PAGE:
The Vatican Library Hid Original Hebrew Gospel Manuscripts for Centuries
James Scott Trimm
The Vatican Library is a treasure trove of ancient documents and artifacts. While the public Vatican library was officially created in 1475, the library itself actually dates back to the origins of the Roman Catholic Church. The library contains over 75,000 codices and over one million other books.
In the 17th century about 150,000 items were designated as part of the "Secret Archives" and are not available to the public. Over a period of four centuries, only about 1,000 people have had access to these secret archives.
One treasure which the Vatican famously suppressed for centuries was Codex Vaticanus 1209, known simply as Codex Vaticanus, or "Codex B". Codex Vaticanus is one of the oldest, most complete manuscripts of the Greek New Testament dating back to the fourth Century C.E.
Codex Vaticanus was listed in the first public catalog of the library's contents in 1475, but nothing is known of it's origins. It seems to have been in the library for many centuries. For many centuries the Vatican kept this important manuscript from the public. The well known scholar of textual criticism Sir Frederic Kenyon wrote an account of another well known scholar's limited access saying:
“In 1843 [Bible scholar Konstantin von] Tischendorf, after waiting for several months, was allowed to see it for six hours. . . . In 1845 the great English scholar Tregelles was allowed indeed to see it but not to copy a word.” Tischendorf asked for permission to see the codex one more time, but was denied . Kenyon continued, “renewed entreaty procured him six days’ longer study, making in all fourteen days of three hours each; and by making the very most of his time Tischendorf was able in 1867 to publish the most perfect edition of the manuscript which had yet appeared.”
Two years later the English scholar Dr. S. P. Tregelles was allowed to see Codex Vaticanus but he was not allowed to do much more. He wrote:
“It is true that I often saw the MS., but they would not allow me to use it; and they would not let me open it without searching my pockets, and depriving me of pen, ink, and paper; and at the same time two prelati [priests] kept me in constant conversation in Latin, and if I looked at a passage too long, they would snatch the book out of my hand.”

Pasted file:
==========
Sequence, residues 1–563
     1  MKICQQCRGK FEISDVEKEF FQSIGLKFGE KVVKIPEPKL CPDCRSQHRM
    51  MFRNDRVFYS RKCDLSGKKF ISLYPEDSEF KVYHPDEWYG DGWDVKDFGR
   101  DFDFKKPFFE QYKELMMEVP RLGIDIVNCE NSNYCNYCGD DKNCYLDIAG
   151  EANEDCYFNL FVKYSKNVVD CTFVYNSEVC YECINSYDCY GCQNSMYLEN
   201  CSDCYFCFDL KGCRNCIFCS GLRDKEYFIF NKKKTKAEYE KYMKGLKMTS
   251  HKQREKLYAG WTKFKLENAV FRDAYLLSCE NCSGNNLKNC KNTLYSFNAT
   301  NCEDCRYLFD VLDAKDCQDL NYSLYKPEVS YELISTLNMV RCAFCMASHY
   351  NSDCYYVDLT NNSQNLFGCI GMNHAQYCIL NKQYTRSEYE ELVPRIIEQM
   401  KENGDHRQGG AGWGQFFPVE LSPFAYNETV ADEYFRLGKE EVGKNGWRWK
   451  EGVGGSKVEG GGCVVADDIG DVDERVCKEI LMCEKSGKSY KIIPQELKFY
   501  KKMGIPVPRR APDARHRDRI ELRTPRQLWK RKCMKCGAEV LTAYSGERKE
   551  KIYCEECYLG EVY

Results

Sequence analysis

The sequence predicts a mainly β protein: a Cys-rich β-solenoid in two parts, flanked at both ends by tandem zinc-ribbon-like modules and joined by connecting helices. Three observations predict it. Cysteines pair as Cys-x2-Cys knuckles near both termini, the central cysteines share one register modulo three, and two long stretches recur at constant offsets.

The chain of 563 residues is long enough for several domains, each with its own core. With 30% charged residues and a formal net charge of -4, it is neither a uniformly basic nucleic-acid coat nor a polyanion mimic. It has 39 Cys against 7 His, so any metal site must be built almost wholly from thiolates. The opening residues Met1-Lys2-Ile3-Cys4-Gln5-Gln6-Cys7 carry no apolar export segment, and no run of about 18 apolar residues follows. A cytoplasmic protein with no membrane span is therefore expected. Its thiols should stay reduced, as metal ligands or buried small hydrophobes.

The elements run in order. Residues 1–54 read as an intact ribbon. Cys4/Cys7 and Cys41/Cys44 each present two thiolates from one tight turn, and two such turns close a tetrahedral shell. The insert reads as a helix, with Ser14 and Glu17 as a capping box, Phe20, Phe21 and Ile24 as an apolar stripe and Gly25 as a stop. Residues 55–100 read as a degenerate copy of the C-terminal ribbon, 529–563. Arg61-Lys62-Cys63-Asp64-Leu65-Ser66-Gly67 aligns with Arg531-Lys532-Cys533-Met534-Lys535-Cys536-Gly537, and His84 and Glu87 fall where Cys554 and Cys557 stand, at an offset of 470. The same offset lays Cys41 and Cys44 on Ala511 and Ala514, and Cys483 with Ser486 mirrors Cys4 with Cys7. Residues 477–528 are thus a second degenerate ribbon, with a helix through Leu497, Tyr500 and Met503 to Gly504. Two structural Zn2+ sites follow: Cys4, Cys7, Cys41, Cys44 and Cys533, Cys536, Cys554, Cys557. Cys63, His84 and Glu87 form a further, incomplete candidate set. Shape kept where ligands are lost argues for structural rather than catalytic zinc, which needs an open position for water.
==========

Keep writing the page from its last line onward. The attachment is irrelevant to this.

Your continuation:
It was not until the end of the passing of the 19th Century to the 20th Century that photographic copies of Codex Vaticanus were released to the public.
Recently another important manuscript has been quietly released by the Vatican Library: two manuscript pages containing the opening verses of the long lost original Hebrew of Luke and Yochanan (John). In March 2014, the Vatican Library began an initial four-year project of digitizing its collection of manuscripts, to be made available online.
Among the material digitized and put online was Biblioteca Apostolica ebr. 530. This "document" is more of a "document dump" containing various miscellaneous pages of Hebrew texts. Buried in the document dump were the two manuscript pages containing copies of the long lost original Hebrew for Luke 1:1-35 and Yochanon 1:1-13!
The front of the first page contains Luke 1:1-9 (excepting the last word of verse 9).
The obverse of the first page begins with the last word of Luke 1:9 and continues through 1:29a
The front of the second page begins with Luke 1:29b and runs through Luke1:35
The obverse contains John 1:1-13 (which I will discuss in the near future).
The fact that the text ends at Luke 1:35 and resumes on the obverse with John 1:1 is a mystery. It appears that this manuscript was never, itself, part of a complete manuscript of Luke (though it might have been a sample copied from one for some reason).
The title for Luke in the manuscript is "The Set-Apart Gospel of Yeshua the Messiah according to Luke.
Of special interest is that Luke 1:1-4 appears in this manuscript as a colophon or preface, and the designation "Chapter 1" appears after this text, and before Luke 1:5 which is presented as the beginning of Luke Chapter 1.
Initial textual analysis shows some connection between this text of Luke and the ancient Aramaic textual tradition.
For example in Luke 1:10 the manuscript reads: "And all the multitude of the people were standing outside to pray at the time of the incense."
The word "standing" here is unique to this Hebrew text and to the Old Syriac Aramaic text. I do not find this reading in any other witness to Luke 1:10.
Another key variant occurs in Luke 1:28 which has the word "angel" in the text "And the angel having come to her..."
(the word "angel" is not in the traditional Greek text in this verse). This reading is a remarkable agreement with Witnesses of the Western Type Text, (also known as the Syro-Latin Text Type). This reading agrees with the best witnesses to the Western Type of Greek Text (D, f(13)) as well as both the Old Latin and the Vulgate, as well as the Peshitta Aramaic. The Old Syriac reading for this verse is lost, however with an agreement between Western witnesses like the Old Latin, Codex D and f(13) it is all but certain that the lost reading of the Old Syriac was to include the word "angel" here. Anyone familiar with my work on textual origins (as laid out in my book The Hebrew and Aramaic Origin of the New Testament) will know that an agreement with this text type is a strong evidence for a connection to the Hebrew or Aramaic original of Luke.
Some other points of interest: The word for "virgin" in Luke 1:27 is BETULAH rather than ALMAH.
The conception of the Messiah (1:35) reads: "... the Ruach HaKodesh will come upon you. The power of Elyon will be in your shadow, concerning which will be born the Set-Apart, He shall be called 'Son of YHWH'"